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Hi I am having problems with my charging system. I have a GM 100 amp 1 wire alternator. Wire harness is a kwik wire kit . On start up it charges at 14 volts when everything warms up after a while the voltage drops to 12 volts.when everything is cool voltage is back up. I am not running any heavy current draws only ignition ( GM HEI ) Electric cooling fan Derale, gauge cluster VDO ,brake lights and radio . The alternator is grounded to the block. I have the battery in the trunk and grounded to the frame. Positive cable goes directly to starter where it connects to alternator wire. the pulley on the alt is aluminum and has straight blades. Could the blades being straight cause the alt to overheat by not moving enough air ? Any suggestions on how to solve this issue will be greatly appreciated.


Thanks
Joe
 

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I've got the same alternator with the same problem, haven't done anything about it yet, I suspect either it doesn't put out it's rated power or there is most likely a diode with a temp related problem. In cold winter weather it's just fine even with the engine coolant temp up to 195, but as summer comes on it starts out just fine but once the engine gets to 195 it craps out. The hotter the weather the sooner it stops producing power. It will hold 12 volts with the engine turning 2000 RPM but as soon as I hit city stop and go traffic and the cooling fans come on the voltage drops under 12. So I think I'll be shopping for a replacement before too long.

Bogie
 

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It will hold 12 volts with the engine turning 2000 RPM but as soon as I hit city stop and go traffic and the cooling fans come on the voltage drops under 12. So I think I'll be shopping for a replacement before too long.

Bogie

That is exactly what the problem is with the one wire set up. I say it a thousand times. One wire is for lawn mowers, tractors and gas powered welder type of operational conditions.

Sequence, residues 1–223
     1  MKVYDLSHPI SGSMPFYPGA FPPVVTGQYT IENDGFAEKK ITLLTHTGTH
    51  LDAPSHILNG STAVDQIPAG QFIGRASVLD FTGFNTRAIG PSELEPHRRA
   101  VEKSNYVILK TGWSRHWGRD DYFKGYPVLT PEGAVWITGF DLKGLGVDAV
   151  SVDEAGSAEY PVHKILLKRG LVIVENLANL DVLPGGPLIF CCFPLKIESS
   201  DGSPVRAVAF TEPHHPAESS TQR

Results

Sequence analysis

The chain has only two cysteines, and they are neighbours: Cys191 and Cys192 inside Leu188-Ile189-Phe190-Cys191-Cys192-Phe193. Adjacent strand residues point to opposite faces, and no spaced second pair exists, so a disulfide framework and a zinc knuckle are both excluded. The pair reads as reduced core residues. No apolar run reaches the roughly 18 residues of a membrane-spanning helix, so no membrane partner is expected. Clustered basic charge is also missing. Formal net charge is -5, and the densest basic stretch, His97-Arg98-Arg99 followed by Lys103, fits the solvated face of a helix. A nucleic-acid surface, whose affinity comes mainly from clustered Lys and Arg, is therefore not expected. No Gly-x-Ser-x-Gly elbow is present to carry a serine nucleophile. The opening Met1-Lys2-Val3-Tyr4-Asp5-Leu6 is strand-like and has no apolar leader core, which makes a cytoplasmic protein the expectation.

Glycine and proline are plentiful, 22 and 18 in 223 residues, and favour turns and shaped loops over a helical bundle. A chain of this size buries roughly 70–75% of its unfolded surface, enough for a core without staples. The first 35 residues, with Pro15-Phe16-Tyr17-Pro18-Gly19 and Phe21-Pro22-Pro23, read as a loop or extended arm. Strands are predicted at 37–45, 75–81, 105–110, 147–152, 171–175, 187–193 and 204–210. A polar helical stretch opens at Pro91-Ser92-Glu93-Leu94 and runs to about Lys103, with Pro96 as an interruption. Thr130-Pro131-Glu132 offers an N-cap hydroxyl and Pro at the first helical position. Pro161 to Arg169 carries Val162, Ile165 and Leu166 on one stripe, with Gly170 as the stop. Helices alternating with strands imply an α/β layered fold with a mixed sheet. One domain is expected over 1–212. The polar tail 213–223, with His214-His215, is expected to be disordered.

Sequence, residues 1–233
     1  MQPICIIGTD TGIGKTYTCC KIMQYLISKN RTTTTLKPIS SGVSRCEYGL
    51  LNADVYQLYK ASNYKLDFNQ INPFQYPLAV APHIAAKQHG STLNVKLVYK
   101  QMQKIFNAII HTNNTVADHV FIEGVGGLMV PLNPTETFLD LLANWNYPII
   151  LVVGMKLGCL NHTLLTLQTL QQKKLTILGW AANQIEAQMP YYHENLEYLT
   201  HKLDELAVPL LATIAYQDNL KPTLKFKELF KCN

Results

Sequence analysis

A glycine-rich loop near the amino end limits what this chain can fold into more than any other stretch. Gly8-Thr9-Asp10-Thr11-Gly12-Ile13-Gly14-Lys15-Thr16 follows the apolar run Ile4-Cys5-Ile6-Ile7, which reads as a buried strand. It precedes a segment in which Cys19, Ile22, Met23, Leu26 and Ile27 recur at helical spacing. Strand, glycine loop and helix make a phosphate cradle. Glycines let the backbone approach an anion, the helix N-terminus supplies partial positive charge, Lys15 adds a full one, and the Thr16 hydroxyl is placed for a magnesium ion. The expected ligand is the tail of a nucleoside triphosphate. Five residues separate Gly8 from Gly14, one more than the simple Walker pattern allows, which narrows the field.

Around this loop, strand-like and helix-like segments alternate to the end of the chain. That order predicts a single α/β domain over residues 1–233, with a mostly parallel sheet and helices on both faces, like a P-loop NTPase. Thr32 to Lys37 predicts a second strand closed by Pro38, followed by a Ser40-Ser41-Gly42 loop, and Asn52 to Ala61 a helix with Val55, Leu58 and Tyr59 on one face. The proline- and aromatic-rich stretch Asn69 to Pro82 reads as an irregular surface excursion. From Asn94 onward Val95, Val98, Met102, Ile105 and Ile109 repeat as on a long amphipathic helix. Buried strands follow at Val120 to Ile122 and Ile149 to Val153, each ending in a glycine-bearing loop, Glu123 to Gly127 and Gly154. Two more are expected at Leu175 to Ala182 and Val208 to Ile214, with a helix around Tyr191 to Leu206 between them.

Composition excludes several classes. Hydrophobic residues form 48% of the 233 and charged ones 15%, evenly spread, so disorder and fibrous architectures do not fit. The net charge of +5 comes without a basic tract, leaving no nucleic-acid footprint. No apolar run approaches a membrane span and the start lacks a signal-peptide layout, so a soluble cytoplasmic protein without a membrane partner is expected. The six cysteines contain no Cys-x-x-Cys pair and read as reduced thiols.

It is easily seen when a car is using the one wire deal. When looking at a line of cars stopped, the car with the dim & yellow head lights is the 1 wire set up. Three wire has the same intensity no matter what the RPM.

I not going to bother explaining the why, cause it has been over and over and over.

You will never have the problem with the 3 wire set up....... you're certainly free to ignore the advise.

pep
 

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fat tire
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I have had a one wire alternator on this rig for 20 years with no problems.
head lights, plow lights, amber flashing, beacon light, heater and radio
 

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Please explain how "adding a simple diode to your one wire alternator it will excite early and full charge at low RPM's"


Very curious as how that would happen.
 

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Please explain how "adding a simple diode to your one wire alternator it will excite early and full charge at low RPM's"


Very curious as how that would happen.
I was having an alternator tested and he made the jumper up for me ask them for details here: Contact Us - GEN-STAR ELECTRIC This shows output at idle because of the low mounting of the alternator I could not get a shot of the wire & diode which converts the 1 wire to a "2 wire"
 

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I thought it was something new.....

You can make just about any three wire into a one wire by hooking in a jumper wire (I've never had to use a diode). In a true one wire this is done internally.

Once a one wire receives enough output from the charge lug to excite the field it will start putting out juice and to my knowledge will continue to produce juice until the alt stops spinning. The difference is...… you need higher RPMs initially to get the alt to start producing juice, once it starts producing it works about the same as a three wire.


IMO the drawback is...…. the sense wire is taking the reading from the charge lug, which isn't the ideal place to get a sense of the demand/draw on the electrical system. The three wire OEM setup allows the sense wire gets it's reading further down the line and a truer demand/draw on the electrical system.

Both work just fine.
 

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Think of the exciter wire as the pressure regulator on a compressor. It's job is to recover the air that has been used, before it is all gone. That's the best analogy, and describes what's happening. In spite of what some think the car runs off the battery, not the alt.

Also tells you why a car with one wire willie, has the dim lights. Again using the air compressor as the comparison. Compressor will run continuously if the demand is high. Pump get hot, tool has less torque, performance is degraded.

Same deal happening, as the alt tries to recover the battery loss. And because AMPs are HEAT ...... well 2+2 = hot alt. With solid state devices shutting down, if not going offline completely, out put is degraded .

Cheers,
pep
 

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the 'Duracell Project'